This white paper from Local Initiatives Support Corporation (LISC) describes the roles that community organizations play in responding to natural disasters, as well as the accomplishments and challenges relating to this work. With natural disasters related to climate change occuring at increasingly frequent rates, community organizations provide critical emergency aid and recovery services. Furthermore, these services can help reduce the recovery gap within communities, as underlying economic, social, and housing factors and public policy decisions create disparities which are exacerbated through natural disasters. Drawing on interviews with various organizations in California, Florida, Puerto Rico, and Texas, this paper reviews the different strategies that these groups use and puts forth some recommendations for policy changes that may be necessary to advance equity in recovery and resilience.

Lessons from the Storm: Climate Displacement Three Years After Hurricane Sandy

This report by the Center for American Progress assesses the recovery of New York and New Jersey’s middle- and low-income communities three years after Hurricane Sandy. The report analyzes the challenges encountered by state and city leaders to help reduce displacement of people in the days and years following the storm, as well as innovative policies that emerged to prevent future extreme weather and climate displacement. The Center also highlights the important role that community groups play as citizen first responders, liaisons to government officials, and in long-term housing and recovery efforts. Recommendations are given for city and state climate resilience planning in order to avoid displacement, and equitably strengthen communities through: (1) Efforts to fortify hard and soft infrastructure; (2) Programs that prioritize keeping or returning people to their homes to prevent climate displacement; (3) Analysis, support, and integrated planning with community organizations that can assist communities before and after an extreme weather event; and (4) Initiatives to incorporate affordable housing needs with climate resilience and anti-displacement measures.

Our Power Puerto Rico: Moving Toward a Just Recovery

In 2019, Climate Justice Alliance (CJA) released the Our Power Puerto Rico report which utilizes a case study on the rural farms of Puerto Rico to demonstrate how the Just Recovery model can be utilized to help the island recover from 2017’s Hurricane Maria which devastated Puerto Rico’s agriculture. Just Recovery is a model centered on the frontline communities to response, recovery and rebuild from climate accelerated disasters. The model is created through the accumulation of hands-on cases conducted by Climate Justice Alliance (CJA), which is an organization with 67 urban and rural frontline communities, organizations, and supporting networks. The goal is to lay the groundwork necessary to activate community participation in both immediate emergency responses and long-term rebuilds. It also emphasizes that the process must be led by those who have been treated unequally in real life — such as the queer, trans, working-class, folks of color, disabled, immigrants, and/or femmes on the frontlines. This allows frontline communities to build their own power, agency, and self-determination while achieving climate adaptation. The report also includes a list of practical steps for conducting the Just Recovery model.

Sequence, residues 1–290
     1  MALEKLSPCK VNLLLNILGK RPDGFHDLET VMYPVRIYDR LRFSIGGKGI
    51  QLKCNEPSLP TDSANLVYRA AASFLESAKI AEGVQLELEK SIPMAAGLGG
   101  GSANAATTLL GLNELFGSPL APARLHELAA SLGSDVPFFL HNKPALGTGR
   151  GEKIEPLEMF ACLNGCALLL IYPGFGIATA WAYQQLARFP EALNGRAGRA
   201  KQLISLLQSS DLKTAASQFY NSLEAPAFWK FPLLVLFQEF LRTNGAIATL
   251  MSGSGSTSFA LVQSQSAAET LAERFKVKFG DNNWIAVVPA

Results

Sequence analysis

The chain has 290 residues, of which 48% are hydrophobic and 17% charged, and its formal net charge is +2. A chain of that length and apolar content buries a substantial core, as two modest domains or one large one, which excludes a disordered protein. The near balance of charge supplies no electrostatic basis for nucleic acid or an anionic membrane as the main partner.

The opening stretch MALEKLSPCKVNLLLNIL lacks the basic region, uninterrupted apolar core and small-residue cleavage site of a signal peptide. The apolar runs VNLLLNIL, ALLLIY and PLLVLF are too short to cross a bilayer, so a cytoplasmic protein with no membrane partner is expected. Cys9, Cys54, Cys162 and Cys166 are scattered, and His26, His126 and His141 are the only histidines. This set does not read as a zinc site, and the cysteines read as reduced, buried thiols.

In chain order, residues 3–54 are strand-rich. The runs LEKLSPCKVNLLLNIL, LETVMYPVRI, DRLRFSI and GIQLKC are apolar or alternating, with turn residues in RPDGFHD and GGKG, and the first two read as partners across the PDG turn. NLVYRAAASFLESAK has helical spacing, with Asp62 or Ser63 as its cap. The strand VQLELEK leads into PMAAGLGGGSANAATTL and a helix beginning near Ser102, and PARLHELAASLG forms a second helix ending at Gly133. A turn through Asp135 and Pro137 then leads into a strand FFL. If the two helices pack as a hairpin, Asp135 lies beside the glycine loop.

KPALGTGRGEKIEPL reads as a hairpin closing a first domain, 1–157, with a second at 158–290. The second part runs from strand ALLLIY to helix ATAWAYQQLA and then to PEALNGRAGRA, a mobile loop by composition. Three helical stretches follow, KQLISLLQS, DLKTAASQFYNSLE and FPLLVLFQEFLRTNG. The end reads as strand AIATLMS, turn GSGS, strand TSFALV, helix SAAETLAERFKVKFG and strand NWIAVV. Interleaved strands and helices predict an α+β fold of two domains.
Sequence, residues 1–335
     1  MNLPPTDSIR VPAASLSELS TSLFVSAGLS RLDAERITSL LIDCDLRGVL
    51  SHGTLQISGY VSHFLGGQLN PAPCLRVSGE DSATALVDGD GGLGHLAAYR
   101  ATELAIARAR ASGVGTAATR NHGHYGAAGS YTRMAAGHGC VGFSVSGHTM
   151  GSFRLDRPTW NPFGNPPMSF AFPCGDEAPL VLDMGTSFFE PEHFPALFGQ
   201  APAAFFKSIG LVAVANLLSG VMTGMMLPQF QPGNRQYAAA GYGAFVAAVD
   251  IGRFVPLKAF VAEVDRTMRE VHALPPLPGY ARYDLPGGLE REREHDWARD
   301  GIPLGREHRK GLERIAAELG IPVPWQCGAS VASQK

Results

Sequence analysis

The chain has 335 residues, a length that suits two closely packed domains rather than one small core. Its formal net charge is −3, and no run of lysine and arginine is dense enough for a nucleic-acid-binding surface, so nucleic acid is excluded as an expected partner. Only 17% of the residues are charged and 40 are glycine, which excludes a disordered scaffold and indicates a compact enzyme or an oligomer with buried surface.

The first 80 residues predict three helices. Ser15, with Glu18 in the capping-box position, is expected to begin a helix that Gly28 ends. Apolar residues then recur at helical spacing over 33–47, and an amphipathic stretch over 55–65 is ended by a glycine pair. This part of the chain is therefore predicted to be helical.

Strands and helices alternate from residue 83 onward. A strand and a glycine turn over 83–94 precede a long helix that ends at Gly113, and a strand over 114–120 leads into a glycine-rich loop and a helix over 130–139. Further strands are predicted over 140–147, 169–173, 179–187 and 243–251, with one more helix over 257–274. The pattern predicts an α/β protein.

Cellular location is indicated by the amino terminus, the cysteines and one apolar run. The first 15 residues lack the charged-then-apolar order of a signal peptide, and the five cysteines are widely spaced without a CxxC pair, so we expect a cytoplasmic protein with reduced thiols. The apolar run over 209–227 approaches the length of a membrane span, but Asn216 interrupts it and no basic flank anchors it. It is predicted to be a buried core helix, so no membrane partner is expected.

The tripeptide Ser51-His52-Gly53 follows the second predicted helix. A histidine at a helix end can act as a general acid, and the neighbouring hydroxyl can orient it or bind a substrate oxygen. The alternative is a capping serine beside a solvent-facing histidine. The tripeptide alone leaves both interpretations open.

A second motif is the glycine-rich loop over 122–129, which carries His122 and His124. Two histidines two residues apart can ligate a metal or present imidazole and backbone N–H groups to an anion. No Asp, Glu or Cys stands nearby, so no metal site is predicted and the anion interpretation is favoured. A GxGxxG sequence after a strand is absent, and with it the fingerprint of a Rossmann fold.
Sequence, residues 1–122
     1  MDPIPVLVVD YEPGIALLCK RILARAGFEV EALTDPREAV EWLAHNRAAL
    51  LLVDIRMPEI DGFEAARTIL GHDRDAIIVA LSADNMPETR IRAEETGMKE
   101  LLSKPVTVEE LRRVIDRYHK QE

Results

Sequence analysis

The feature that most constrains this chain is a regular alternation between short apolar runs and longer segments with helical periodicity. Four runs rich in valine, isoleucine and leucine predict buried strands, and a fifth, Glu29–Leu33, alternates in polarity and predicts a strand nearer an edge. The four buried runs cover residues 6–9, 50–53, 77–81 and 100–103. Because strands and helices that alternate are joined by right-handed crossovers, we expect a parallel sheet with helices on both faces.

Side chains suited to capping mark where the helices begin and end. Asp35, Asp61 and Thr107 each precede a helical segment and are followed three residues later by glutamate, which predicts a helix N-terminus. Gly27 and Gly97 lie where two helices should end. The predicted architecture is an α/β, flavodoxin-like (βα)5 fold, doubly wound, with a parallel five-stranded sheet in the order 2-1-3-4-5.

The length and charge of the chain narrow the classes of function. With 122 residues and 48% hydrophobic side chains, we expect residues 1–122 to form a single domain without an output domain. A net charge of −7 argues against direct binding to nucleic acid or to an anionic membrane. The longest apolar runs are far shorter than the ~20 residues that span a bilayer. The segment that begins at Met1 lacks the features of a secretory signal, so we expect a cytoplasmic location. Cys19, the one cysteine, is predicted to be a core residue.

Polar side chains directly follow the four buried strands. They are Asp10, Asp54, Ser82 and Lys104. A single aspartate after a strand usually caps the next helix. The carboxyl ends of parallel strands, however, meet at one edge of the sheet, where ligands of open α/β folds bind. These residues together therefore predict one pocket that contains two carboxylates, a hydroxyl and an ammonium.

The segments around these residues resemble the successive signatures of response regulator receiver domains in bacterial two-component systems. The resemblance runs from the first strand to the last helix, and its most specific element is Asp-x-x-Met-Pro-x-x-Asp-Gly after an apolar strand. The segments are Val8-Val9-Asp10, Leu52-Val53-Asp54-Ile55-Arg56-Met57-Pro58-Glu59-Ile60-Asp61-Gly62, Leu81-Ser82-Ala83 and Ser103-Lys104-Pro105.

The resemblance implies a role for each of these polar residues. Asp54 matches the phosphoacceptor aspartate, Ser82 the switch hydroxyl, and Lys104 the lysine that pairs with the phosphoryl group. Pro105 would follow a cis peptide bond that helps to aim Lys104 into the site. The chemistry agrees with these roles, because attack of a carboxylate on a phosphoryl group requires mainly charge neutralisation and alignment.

Annexing and Preparing Higher Ground Receiving Areas in Princeville, North Carolina Through Post-Disaster Recovery Processes

In 2017, the Town of Princeville, North Carolina engaged experts and communities in a long-term, comprehensive planning process to annex a 53-acre parcel of land located outside of the town’s 100-year floodplain to develop a safer, higher ground area where residents, structures, and infrastructure can be relocated. After experiencing flooding impacts from Hurricane Matthew in 2016, Princeville was selected as one of six municipalities in North Carolina to receive technical support and funding from the state through the Hurricane Matthew Disaster Recovery and Resilience Initiative. To tailor to the residents’ needs, Princeville held workshops to develop potential strategies together with the communities. Princeville provides an example for other municipalities either in a pre-or post-disaster context for how to balance the preservation of original townships history and culture while dealing with flooding vulnerabilities and increasing the resiliency of core community assets and services through adaptation actions. As done in Princeville, local governments may consider options for relocating vulnerable residences and community facilities and services, including by annexing new land where sufficient higher ground land within existing municipal boundaries is not available to reallocate critical land uses and maintain local communities, tax bases, and economies.

The Texas Title Project

The Texas Title Project was a two-year program that began in 2013 after Hurricanes Dolly and Ike hit Texas, wreaking havoc, especially on lower-income communities. The Texas Title Project worked to address the problem that low-income homeowners in the area often had regarding clear titles to their land and property. In clearing any issues relating to these titles, homeowners then became eligible for federal government rebuilding assistance. Essentially, the Project had a threefold mission: (1) To clear titles for those homeowners and families that participated in the program; (2) To develop a general model for providing these types of legal services that could be implemented in the future, when another disaster occurred; and (3) To study the barriers that existed that prevented low-income homeowners from having a clear title, especially in areas that are disproportionately affected by disasters. During the two years it was operational, the Project provided services for more than 350 families seeking disaster recovery assistance in East Texas and the Lower Rio Grande Valley.